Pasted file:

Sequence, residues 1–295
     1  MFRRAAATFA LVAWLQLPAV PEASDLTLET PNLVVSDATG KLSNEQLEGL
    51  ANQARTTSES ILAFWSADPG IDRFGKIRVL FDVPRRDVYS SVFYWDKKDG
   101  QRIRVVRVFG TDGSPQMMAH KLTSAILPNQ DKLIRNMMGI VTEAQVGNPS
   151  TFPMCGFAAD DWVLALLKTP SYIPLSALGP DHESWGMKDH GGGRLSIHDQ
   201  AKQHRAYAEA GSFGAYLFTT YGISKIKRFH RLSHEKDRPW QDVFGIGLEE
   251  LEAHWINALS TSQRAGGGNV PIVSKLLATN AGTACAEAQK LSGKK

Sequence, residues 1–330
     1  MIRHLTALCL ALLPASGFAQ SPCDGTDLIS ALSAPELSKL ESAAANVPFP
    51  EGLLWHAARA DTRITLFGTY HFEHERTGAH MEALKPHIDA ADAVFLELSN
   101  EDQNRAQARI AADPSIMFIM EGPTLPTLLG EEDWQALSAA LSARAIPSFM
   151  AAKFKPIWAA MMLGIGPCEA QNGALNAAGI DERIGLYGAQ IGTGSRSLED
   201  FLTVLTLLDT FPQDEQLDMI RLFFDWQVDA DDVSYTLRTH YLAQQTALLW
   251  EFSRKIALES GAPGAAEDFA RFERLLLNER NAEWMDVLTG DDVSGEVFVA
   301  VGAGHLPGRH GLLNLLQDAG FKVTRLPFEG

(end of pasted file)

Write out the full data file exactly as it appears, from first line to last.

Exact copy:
Sequence, residues 1–295
     1  MFRRAAATFA LVAWLQLPAV PEASDLTLET PNLVVSDATG KLSNEQLEGL
    51  ANQARTTSES ILAFWSADPG IDRFGKIRVL FDVPRRDVYS SVFYWDKKDG
   101  QRIRVVRVFG TDGSPQMMAH KLTSAILPNQ DKLIRNMMGI VTEAQVGNPS
   151  TFPMCGFAAD DWVLALLKTP SYIPLSALGP DHESWGMKDH GGGRLSIHDQ
   201  AKQHRAYAEA GSFGAYLFTT YGISKIKRFH RLSHEKDRPW QDVFGIGLEE
   251  LEAHWINALS TSQRAGGGNV PIVSKLLATN AGTACAEAQK LSGKK

Sequence, residues 1–330
     1  MIRHLTALCL ALLPASGFAQ SPCDGTDLIS ALSAPELSKL ESAAANVPFP
    51  EGLLWHAARA DTRITLFGTY HFEHERTGAH MEALKPHIDA ADAVFLELSN
   101  EDQNRAQARI AADPSIMFIM EGPTLPTLLG EEDWQALSAA LSARAIPSFM
   151  AAKFKPIWAA MMLGIGPCEA QNGALNAAGI DERIGLYGAQ IGTGSRSLED
   201  FLTVLTLLDT FPQDEQLDMI RLFFDWQVDA DDVSYTLRTH YLAQQTALLW
   251  EFSRKIALES GAPGAAEDFA RFERLLLNER NAEWMDVLTG DDVSGEVFVA
   301  VGAGHLPGRH GLLNLLQDAG FKVTRLPFEG